Francis sees Gold through the war
Childers soldier the only man towork on every edition ofNewGuinea newspaper
THE Guinea Gold, a newspaper that was the regular source of information for Australian and American soldiers serving in the Pacific conflict in the SecondWorld War, has distinct ties with Childers.
Local man SF “Francis” Hughes was a linotype operator with the Isis district newspaper, the Isis Recorder, prior to enlisting in the Australian Army.
Due to his experience and background in print, Mr Hughes was appointed to help with producing the popular newspaper in New Guinea, and did so right from the first publication through to the last editions.
In fact, the Childers man was the only person who helped produce the newspaper for its entire lifespan.
Alwyn Harrip, who served in the SecondWorld War in New Guinea, remembers the Guinea Gold well, and said troops heavily relied on the newspaper to stay connected back home.
“It was the only paper we got. In those days there was no mobile phones or anything like that. It was the only way to receive news,” Mr Harrip said.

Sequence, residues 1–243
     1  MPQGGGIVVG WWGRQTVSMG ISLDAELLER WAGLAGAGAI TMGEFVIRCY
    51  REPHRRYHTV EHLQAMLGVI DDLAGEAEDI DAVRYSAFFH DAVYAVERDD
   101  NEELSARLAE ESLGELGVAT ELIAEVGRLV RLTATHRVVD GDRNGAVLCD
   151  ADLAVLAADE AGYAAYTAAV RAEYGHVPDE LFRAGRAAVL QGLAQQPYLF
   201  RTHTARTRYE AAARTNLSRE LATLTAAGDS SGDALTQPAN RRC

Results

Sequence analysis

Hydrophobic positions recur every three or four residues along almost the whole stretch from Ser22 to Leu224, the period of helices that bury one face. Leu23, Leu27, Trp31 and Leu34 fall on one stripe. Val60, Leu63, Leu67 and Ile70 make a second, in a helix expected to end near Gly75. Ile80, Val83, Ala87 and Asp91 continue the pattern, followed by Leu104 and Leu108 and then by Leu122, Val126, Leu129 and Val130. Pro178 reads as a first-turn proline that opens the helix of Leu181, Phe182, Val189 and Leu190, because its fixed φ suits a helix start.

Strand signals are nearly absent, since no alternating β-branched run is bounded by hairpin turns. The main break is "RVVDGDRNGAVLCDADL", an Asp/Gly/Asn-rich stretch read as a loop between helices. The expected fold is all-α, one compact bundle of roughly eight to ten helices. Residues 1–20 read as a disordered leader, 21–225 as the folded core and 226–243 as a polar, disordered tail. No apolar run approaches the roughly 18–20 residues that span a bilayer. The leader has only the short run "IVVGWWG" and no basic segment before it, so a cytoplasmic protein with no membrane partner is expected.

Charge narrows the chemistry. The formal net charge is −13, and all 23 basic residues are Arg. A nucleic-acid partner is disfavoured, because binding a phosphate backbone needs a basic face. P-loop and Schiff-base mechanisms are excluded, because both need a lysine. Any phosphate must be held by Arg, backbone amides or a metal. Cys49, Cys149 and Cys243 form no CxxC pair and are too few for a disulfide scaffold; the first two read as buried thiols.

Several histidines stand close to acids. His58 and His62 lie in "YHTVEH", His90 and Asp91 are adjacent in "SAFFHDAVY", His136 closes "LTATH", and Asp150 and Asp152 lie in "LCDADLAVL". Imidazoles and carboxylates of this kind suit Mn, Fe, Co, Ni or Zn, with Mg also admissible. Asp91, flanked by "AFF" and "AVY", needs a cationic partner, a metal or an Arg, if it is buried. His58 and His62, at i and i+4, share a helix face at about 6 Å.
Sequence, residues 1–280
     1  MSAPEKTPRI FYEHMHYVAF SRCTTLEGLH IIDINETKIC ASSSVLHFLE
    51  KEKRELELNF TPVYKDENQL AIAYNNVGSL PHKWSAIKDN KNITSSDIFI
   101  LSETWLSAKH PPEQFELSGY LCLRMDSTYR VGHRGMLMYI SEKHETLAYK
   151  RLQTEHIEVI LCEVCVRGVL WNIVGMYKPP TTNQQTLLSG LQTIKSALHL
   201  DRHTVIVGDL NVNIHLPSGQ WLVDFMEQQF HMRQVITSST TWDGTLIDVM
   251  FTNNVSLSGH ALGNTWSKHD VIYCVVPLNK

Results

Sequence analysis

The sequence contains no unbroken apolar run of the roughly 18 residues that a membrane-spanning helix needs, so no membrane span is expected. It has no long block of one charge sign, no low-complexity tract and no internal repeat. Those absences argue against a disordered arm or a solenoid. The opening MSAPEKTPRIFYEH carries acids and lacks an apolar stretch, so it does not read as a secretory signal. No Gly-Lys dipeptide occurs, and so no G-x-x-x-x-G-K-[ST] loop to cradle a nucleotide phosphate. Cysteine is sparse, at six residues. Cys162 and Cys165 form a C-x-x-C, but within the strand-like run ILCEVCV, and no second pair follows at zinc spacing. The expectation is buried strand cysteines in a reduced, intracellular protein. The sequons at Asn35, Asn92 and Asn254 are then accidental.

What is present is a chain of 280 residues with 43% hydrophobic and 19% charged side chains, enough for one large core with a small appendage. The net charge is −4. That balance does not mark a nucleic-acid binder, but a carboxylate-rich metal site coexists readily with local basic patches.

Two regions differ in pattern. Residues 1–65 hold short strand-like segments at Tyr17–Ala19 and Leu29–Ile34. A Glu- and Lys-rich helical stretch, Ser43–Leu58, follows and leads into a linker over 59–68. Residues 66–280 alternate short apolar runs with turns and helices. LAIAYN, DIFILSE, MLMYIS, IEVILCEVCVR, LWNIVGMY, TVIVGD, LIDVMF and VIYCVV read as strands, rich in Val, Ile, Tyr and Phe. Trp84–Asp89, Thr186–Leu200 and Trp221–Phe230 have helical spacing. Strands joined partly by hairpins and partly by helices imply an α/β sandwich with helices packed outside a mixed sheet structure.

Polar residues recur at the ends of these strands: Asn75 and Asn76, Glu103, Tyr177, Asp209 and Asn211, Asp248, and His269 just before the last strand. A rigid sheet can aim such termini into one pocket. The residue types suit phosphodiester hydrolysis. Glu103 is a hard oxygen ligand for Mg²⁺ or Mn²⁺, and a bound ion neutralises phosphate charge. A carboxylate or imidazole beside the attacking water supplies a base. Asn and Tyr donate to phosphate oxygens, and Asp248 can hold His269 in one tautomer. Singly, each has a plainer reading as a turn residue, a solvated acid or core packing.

“It was delivered once a month or once a week... I can’t remember, but it was regular.”
Mr Harrip said because there was no power “in the early days”, the printing press used to publish the Guinea Gold was worked by foot to turn the paper out.
The Guinea Gold ran continuously from November 19, 1942, (Vol. 1, no. 1), to June 30, 1946, (Vol. 4, no. 230).
A total of 237 soldiers worked on the newspaper during its continuous run of 1320 publication days.
The original printing press used to publish the newspaper is still in working order and can be viewed at the Isis District Historical Complex.
GUINEA GOLD: The Guinea Gold was a vital link for soldiers during the Second World War.
HISTORIC: The printing press, used to publish the Guinea Gold, can be seen at the Isis District Historical Society Complex.